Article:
Tuesday, September 08
- Chrome just crashed, take the entire Daily News Stuff with it. Yay. It did save the title. Thanks Chrome.
- QB64 is an open-source QBasic-compatible compiler for Windows, Mac, and Linux. (QB64.org)
It looks pretty good. Only major weirdness is that to maintain strict compatibility all the extension commands start with _.
This looks like the perfect place to start with Imagine Basic. Write a compiler that supports a subset of QB64, written only in that subset, and targeting Imagine assembler. Write an Imagine assembler in that same subset. Just like that, I'll have a self-hosting compiler.
Anyone got a good Write your own Basic compiler in Basic guide? The assembler I can handle.
- Civilisation* has been announced for the Imagine!
By pure serendipity this tileset was released today. (Itch.io)
It's part of a bundle that includes all kinds of neat stuff and which I immediately purchased. I also tried to support the designer on Patreon but Patreon won't let me log in because they're retarded.
Other titles announced for the Imagine include CitySim:
I don't know how well these will fit into 128k of RAM. The original SimCity did come out on the Commodore 64, so that's a datapoint. I may have to lose the unit and water animations unless you have the Imagine 1000D model with 256k; it will be interesting to find out.
These tilesets are nice because they are complete; they provide all the graphics you need including things like leader avatars and UI frames. A lot of the graphics sets on Itch.io provide one thing only - here's a forest, good luck with the rest of your game. The other notable exception to this is if you buy the complete Time Fantasy bundle which contains about twenty compatible tilesets, plus objects, plus dozens of animated sprites for heroes, NPCs, and monsters.
Graphics on the Imagine should look much like that
though only about half that height - those screenshots are 512x512 and the Imagine runs at 480x270well what do you know: Graphics on the Imagine should look about twice that good. I took one of those images, zoomed in, and added some 1x1 pixel dots just to confirm what my eyes were saying, and those screenshots are zoomed in at 2x at the pixel level (plus whatever your browser does to make them big enough to see).
So those sample screenshots represent roughly half an Imagine screen. That's pretty good; I can certainly see a game being enjoyable at that scale. (And after all, Kairosoft games run at 320x200 and I've played the hell out of those the last few years.)
* Any similarities to games spelled with a Z are purely coincidental.
Speaking of Imagine graphics I added another graphics mode that I thought up when I was looking at doing this in hardware on an embedded Arm chip.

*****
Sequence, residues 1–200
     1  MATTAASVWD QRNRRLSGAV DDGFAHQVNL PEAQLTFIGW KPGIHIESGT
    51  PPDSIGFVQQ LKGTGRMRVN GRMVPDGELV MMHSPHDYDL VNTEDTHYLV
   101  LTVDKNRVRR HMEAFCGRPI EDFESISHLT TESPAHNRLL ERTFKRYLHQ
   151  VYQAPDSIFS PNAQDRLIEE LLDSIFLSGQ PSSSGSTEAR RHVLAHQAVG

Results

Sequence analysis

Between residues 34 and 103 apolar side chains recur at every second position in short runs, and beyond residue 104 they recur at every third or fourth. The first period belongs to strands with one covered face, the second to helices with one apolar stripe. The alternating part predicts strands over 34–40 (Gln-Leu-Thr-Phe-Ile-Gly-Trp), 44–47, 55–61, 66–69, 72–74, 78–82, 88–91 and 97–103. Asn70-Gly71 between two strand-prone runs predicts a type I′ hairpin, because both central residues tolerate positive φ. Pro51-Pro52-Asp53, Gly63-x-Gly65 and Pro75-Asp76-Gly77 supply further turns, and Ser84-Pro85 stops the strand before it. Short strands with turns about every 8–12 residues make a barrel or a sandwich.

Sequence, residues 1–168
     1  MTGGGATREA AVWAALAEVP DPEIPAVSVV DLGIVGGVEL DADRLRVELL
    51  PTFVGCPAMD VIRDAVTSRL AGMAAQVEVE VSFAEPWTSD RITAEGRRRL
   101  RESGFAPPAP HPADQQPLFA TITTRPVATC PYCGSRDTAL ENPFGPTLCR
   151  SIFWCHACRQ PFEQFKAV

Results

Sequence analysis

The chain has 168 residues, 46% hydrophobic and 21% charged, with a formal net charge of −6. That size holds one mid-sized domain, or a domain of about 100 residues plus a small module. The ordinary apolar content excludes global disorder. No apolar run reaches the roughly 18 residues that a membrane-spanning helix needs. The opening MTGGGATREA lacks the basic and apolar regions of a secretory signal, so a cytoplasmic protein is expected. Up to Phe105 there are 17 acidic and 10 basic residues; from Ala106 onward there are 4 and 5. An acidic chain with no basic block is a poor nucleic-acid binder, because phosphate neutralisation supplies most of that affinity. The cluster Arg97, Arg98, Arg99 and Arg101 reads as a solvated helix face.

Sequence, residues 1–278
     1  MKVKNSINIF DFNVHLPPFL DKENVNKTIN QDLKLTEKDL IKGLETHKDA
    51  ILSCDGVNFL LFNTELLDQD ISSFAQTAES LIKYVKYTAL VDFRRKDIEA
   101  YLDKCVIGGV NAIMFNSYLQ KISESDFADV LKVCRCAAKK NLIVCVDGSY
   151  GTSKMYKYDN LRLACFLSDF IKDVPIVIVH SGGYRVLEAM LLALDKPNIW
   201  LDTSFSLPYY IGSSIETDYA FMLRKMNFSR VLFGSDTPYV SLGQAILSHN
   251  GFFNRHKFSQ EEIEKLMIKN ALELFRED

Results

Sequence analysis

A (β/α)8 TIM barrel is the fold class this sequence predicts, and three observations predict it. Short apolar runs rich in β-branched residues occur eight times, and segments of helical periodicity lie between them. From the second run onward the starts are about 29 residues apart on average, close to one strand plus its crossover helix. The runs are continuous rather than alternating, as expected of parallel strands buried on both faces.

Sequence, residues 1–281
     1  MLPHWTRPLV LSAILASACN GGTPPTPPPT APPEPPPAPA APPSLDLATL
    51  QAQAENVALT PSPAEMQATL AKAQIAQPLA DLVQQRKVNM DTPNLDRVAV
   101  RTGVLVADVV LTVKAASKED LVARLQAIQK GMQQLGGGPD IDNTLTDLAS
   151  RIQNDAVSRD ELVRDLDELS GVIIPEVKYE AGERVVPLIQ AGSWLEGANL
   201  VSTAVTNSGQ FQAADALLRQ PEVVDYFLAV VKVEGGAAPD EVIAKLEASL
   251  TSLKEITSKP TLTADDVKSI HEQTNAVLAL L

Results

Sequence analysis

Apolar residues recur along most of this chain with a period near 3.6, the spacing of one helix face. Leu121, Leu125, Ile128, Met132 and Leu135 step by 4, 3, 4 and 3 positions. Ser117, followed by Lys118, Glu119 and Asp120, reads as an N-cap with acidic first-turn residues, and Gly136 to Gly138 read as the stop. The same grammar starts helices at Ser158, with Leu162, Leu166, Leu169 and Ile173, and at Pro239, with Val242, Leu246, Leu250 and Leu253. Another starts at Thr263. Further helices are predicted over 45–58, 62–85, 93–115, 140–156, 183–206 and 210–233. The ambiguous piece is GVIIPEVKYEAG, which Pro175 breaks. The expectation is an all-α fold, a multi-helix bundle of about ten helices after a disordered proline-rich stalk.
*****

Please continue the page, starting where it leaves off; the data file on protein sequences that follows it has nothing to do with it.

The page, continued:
Basically it's half-resolution - 240x270 - in 512 direct colours. That uses 9 bits from our 10 bit byte, so if you set the 10th bit to 1 it splits the pixel into two 16 colour full-resolution pixels. You can freely mix low resolution in full colour with high resolution in limited colour, so for example the ocean in that last screenshot can be shaded exactly how you want.
Update: That leaves 256 values out of 1024 unused. I was wondering what to do with them then realised the simple answer: We have 32 colour registers, so use those for a second palette of 16 colours. 32 total colours in high resolution, and 512 in low resolution, on the same screen. That's a really nice graphics mode if you're working with tiles and sprites, rather than drawing to a bitmap.
Hardware sprites could use exactly the same mode, except that would limit them to 8 pixels wide (instead of 10). There are 10 sprites so you could pair them for 5 16-pixel sprites per scan line, in up to 512 colours.
I'm also looking at efficient ways to handle 8x8 and 16x16 tilesets, as an alternative to bitmap mode. That could help make these games an imaginary reality. With 16x16 tiles we could steal the sprite buffer and load in the tile indexes - once every 16 scanlines - which would leave the full bandwidth available for that 16+16+512 colour mode above. And still have two sprites left for a cursor. That's probably fine for Civilisation or LoreWards - those tilesets are indeed 16x16 and those games are turn-based and don't need a lot of sprites running around.
(And if we're using the sprite buffer as a general-purpose buffer now, I might bump it up to 64 bytes, the same as the audio chip. That will let you load a 30-wide tile map and 4 16-pixel sprites, all in this new 512 colour mode, which is pretty good for 1983.)
The CitySim tileset though is 8x8 - those buildings are composed of lots of tiles stacked together - and you really want to see the cars and trucks running around. That one pretty much has to be bitmapped.